Integral Review

A Transdisciplinary and Transcultural Journal For New Thought, Research, and Praxis

Posts Tagged ‘stages’

An Examination of the STAGES Scoring System

Kristian Merckoll

Abstract: This article examines two empirical studies which are referred to as validating the STAGES scoring system. The verification claims do not hold up under scrutiny, and the wrong conclusions were reached because the statistical calculations were not grounded in an adequate understanding of the relevant aspects of the scoring theory itself. This is shown by applying simple descriptive statistics that does not require any statistical background to understand. In the subsequent discussion on possible reasons for why the STAGES scoring system has too much scoring error, the conclusion is that a major root problem is that STAGES has defined itself as an extension of an existing developmental construct (EDT, Ego Developmental Theory). This notion must therefore be reconsidered. Standard calculations are provided to demonstrate effects of too much scoring error. The article further discusses the limitation in using only language as the means to assess the latest stages in the STAGES model. A distinction between the STAGES theory and the STAGES scoring system is maintained throughout, and the theory is not discussed or questioned directly. The position is taken that EDT and STAGES should continue to develop alongside each other as two related, yet different, developmental models.

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A Response to “An Examination of the STAGES Scoring System”

Tom Murray

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Final Comments on the STAGES Validation Claim

Kristian Merckoll

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Introduction and Overview: Integral Review Special Issue on the STAGES Model

Tom Murray

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States and STAGES: Waking up Developmentally

Terri O’Fallon

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Seven Perspectives on the STAGES Developmental Model

Kim Barta

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Principles and Practices for Developmentally Aware Teaching and Mentoring in Higher Education

Abigail Lynam

Understanding one’s own development as an educator, as well as the developmental diversity of students can have a significant impact on how educators approach teaching, mentorship, and design learning experiences. Developmentally informed educators recognize the phases of development that students are likely to be in and adapt their teaching accordingly. Recognizing developmental diversity, they adjust the outcomes, processes, and mentoring to meet the students where they are developmentally. Without this awareness and knowledge, educational programs are more likely to teach for particular forms of development, which provide an appropriate stretch for some students but not for others. In addition, educators may be more likely to project their own developmental needs onto students, teaching who they are, rather than who is in front of them. This article offers a review of adult development theory, specifically O’Fallon’s STAGES model, and its application to teaching and learning. It includes the results of research on the impact of learning about adult development for faculty and students in a graduate program and the findings of additional research on the meaning-making and perspective-taking of educators through the stages of development. It concludes with practical insights and principles for teaching and mentoring developmentally.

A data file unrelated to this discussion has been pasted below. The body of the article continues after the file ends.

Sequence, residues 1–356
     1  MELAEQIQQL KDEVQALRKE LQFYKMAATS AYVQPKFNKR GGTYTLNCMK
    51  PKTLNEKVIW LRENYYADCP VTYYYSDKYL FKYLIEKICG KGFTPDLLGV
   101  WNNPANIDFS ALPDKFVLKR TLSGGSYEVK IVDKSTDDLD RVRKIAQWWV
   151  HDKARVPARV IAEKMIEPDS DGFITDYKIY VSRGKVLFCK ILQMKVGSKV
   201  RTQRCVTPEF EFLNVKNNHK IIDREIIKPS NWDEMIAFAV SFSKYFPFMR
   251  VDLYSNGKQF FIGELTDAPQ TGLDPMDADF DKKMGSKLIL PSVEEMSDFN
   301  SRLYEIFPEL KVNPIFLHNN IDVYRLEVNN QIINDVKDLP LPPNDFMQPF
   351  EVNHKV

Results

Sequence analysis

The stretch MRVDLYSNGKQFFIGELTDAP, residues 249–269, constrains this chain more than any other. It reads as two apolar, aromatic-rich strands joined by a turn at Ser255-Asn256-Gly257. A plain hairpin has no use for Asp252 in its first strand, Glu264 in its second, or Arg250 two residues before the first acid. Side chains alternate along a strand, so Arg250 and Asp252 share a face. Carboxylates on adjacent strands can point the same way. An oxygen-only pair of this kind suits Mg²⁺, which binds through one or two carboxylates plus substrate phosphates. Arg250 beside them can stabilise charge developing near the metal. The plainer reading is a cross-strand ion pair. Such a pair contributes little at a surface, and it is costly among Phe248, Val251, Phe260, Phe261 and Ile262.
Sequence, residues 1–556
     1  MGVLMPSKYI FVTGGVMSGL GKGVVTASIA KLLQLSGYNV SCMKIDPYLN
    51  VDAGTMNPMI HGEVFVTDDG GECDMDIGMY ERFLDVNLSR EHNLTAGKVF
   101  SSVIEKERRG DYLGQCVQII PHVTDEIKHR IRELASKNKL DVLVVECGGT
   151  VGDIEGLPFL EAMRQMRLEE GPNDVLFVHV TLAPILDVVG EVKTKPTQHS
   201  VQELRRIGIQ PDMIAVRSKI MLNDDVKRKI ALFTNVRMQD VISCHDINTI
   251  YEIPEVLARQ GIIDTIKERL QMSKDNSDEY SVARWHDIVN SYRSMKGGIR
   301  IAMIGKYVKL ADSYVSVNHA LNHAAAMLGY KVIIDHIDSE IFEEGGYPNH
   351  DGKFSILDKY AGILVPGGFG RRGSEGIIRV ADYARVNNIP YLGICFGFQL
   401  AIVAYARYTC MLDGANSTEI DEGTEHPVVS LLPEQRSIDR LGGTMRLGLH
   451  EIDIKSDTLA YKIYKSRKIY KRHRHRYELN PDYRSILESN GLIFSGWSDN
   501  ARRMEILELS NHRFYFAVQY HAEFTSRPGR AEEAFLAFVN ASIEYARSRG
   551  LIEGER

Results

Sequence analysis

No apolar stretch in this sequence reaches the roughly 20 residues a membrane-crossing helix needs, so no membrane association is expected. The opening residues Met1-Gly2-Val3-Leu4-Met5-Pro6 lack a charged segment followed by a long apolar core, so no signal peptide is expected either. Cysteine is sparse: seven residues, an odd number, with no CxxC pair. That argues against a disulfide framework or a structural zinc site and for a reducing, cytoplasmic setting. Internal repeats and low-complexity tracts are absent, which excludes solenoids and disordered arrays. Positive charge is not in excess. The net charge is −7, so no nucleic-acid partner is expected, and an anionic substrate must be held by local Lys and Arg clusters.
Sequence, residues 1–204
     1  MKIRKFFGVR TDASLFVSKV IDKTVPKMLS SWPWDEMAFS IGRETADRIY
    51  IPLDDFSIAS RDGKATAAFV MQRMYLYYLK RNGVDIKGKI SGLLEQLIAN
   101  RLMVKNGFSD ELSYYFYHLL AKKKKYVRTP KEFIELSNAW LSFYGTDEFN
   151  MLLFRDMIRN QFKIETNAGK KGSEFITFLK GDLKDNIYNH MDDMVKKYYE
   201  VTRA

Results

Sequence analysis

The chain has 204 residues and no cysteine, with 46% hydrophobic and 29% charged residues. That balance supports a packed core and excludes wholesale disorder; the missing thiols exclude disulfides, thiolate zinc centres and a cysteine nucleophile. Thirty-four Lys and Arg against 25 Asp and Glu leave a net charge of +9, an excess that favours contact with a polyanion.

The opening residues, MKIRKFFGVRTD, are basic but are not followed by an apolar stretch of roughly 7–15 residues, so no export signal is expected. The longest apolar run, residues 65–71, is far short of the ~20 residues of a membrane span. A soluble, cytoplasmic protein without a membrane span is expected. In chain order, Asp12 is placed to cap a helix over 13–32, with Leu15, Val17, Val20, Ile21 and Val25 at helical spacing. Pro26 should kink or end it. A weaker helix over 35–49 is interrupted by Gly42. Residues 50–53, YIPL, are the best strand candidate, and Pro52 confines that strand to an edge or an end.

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The Scenic Route: A Developmental Approach Emphasizes the Importance of Human Interiority in Transformative Approaches to Climate Change

Gail Hochachka

What is effective climate change adaptation, at a time in history where the call for transformative change is on the increase? This article considers how to expand and deepen the largely techno-managerial concept of adaptation, often framed as that of reacting to and accommodating climate change, by integrating human interiority in a more balanced way. While the psychological and social dimensions of the climate change issue have been studied, they are less equally weighted alongside the climate science; some studies suggest that improving the integration of psycho-social change processes will be important for effective adaptation and may bode helpful in enacting transformative change. In this article, I explain my rationale and methods for including the lesser-known discipline of adult developmental psychology to examine how people make meaning of climate change, which may have important implications for adaptation policy and practice. Studies exist on ‘what’ people believe about climate change, but the insights from developmental psychology help to explain ‘why’ meaning is organized as it is. Explaining what understandings people hold is akin to the shortest distance between two points, but considering why meaning was construed as such is the scenic route. I argue that ‘taking the scenic route’ to consider the perspective-taking processes that produce such a spectrum of views on climate change may hold potential for a more comprehensive response to such a complex issue, not only to grasp why these meanings differ so vastly, but also to support improved collaboration and to help engage in adaptation as transformation.